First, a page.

Ta-Nehisi Coates, author of The Beautiful Struggle, describes the interior journey of the memoirist.February 1, 2008
I was twenty-eight when I started writing my book, and I think like a lot of young authors I had only a vague sense of what I wanted to do. I started off trying my hand at capturing my dad, the biggest, greatest, most complicated, most frustrating human being I’d ever come across. He had an idea that I should write a book that basically chronicled his life, juxtaposing it with my own. The book was supposed to revolve around the intersection of race and manhood.
This was the story I ultimately sold, but it became clear to a lot of folks that there was a book within this book, one that came from my perspective, and used my father as an antagonist. Back then, memoir still seemed like a big word to me, an act committed by BIG writers—or by some guy who’d spent a year trying to place a ten-minute call to everyone in the Manhattan phone book and decided to write about it.
Of course I didn’t see just how difficult it was until I got into it. I’m a hard-headed dude, and so I set out, in my arrogance, to commit the greatest possible act of literature that I was capable of—to tell an amazing story and trick it out with flourishes of beautiful language and style. In other words, my expectations didn’t include gleaning what we used to call Knowledge of Self. In fact, what I quickly discovered was that if I were going to write anything approximating even a merely adequate book, I’d have to understand myself on a deeper level. Even with that in mind, however, I probably came closer to plausible explanations than exact truth.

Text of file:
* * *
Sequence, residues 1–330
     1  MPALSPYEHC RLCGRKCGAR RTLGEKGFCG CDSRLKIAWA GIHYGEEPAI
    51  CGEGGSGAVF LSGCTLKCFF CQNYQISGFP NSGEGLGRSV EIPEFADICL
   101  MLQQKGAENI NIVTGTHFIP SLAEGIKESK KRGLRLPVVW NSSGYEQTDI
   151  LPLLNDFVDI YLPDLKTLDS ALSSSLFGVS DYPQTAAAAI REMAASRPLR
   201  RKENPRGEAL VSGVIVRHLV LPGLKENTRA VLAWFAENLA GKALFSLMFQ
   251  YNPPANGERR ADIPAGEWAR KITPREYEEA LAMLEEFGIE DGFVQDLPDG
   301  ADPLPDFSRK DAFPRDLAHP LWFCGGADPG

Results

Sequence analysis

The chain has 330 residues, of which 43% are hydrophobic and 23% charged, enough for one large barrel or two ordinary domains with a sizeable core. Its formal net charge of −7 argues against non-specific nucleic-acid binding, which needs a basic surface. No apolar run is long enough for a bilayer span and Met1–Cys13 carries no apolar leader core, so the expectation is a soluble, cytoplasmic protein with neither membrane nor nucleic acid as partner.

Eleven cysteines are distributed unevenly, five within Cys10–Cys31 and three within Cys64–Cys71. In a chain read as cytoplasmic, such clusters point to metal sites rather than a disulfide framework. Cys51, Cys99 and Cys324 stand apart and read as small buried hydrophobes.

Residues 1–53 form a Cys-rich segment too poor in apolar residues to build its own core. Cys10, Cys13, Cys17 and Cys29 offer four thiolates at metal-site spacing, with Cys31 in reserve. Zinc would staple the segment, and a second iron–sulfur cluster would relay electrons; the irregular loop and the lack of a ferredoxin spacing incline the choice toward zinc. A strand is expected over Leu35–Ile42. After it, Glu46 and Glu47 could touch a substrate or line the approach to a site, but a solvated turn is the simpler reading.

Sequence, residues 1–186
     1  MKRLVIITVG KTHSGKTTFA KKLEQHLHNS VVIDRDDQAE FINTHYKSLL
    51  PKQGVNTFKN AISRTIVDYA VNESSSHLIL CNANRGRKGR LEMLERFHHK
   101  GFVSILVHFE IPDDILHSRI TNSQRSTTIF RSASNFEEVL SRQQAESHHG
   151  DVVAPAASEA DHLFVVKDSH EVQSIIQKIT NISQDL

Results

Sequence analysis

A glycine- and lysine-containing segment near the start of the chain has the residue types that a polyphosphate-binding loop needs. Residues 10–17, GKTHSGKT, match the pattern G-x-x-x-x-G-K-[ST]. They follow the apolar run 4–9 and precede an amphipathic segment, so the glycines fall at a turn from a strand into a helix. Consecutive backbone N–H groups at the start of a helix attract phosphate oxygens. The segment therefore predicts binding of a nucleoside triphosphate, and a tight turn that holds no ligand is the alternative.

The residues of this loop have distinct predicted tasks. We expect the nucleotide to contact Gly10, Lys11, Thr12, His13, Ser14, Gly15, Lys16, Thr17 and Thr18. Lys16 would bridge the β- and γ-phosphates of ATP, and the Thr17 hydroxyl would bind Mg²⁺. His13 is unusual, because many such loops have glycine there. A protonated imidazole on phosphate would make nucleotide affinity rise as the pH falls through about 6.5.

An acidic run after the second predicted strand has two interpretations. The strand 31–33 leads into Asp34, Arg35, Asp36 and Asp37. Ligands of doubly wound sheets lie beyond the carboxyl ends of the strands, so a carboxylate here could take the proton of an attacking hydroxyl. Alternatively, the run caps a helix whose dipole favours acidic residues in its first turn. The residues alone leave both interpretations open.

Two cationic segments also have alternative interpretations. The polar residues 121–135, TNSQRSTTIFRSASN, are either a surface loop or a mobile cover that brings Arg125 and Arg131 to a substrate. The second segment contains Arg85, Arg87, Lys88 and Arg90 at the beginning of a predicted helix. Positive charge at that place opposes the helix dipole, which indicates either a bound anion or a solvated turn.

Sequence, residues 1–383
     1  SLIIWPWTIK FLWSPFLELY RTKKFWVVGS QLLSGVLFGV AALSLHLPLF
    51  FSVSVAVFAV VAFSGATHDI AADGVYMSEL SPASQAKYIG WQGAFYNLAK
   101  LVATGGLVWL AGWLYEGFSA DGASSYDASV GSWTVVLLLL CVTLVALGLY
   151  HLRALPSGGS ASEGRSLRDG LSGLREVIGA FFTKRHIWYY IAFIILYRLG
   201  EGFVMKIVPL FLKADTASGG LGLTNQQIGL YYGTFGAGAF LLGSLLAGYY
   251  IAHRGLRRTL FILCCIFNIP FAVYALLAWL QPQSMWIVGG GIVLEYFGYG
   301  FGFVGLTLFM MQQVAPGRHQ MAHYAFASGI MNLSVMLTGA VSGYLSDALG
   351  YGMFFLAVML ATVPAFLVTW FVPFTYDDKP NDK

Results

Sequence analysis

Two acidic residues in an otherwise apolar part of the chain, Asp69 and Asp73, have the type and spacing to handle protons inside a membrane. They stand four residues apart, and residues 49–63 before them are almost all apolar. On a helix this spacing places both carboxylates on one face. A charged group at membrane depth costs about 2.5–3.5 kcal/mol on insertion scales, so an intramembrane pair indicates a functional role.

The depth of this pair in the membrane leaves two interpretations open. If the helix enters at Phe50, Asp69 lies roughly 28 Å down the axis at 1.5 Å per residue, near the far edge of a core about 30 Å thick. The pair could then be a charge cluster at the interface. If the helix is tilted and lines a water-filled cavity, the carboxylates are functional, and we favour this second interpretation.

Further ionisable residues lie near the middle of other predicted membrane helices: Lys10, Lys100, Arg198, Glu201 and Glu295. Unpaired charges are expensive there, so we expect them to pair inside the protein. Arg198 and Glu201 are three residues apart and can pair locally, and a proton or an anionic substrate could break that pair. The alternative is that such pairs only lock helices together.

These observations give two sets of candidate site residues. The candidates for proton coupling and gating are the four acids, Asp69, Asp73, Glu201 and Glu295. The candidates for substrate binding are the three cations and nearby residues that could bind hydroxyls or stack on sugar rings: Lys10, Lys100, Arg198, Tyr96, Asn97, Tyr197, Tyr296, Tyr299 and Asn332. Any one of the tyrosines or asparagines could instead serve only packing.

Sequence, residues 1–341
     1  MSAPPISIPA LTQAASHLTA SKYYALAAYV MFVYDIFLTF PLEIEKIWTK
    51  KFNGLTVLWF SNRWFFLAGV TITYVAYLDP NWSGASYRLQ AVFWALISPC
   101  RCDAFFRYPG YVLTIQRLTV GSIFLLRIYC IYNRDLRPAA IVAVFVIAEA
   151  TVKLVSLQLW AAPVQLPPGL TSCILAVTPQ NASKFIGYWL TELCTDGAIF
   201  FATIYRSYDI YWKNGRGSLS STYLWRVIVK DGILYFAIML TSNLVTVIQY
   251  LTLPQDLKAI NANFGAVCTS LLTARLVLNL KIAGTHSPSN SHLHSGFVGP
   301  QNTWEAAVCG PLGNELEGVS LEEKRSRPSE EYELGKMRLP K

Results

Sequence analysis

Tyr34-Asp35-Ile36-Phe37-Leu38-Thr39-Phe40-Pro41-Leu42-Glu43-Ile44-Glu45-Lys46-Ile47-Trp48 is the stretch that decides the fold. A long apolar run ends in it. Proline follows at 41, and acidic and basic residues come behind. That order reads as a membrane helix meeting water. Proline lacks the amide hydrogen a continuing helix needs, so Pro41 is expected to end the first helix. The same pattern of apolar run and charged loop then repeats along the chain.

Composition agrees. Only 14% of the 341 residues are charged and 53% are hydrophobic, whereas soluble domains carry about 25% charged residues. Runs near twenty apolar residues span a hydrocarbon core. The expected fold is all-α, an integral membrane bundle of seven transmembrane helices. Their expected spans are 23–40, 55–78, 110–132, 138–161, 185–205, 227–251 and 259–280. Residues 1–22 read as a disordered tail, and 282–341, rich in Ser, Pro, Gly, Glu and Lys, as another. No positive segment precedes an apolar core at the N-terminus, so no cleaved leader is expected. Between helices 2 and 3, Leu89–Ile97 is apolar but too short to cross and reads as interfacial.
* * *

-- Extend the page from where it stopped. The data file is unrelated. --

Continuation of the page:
Writing The Beautiful Struggle was like being an actor and playing my younger self in a low-budget movie. I had to get to some sort of core reason for why I, for instance, repeatedly took school as a joke, or why in the summer of ‘88, I couldn’t stop playing Public Enemy. Answers to these kinds of questions gave me deeper insight into myself. I know that I was negotiating a violent world as best I could. I know that I was totally overwhelmed by own dumb imagination. I know that I, like a lot of boys, had no idea how to communicate with the opposite sex.
But what I now know, more than anything, is that were I president, I would give everyone a small advance, and then tell them to go off and write a memoir. Even if we don’t get close to finding out who we are, we at least arrive at an invented explanation, a reasonable facsimile of the truth. That’s better than nothing.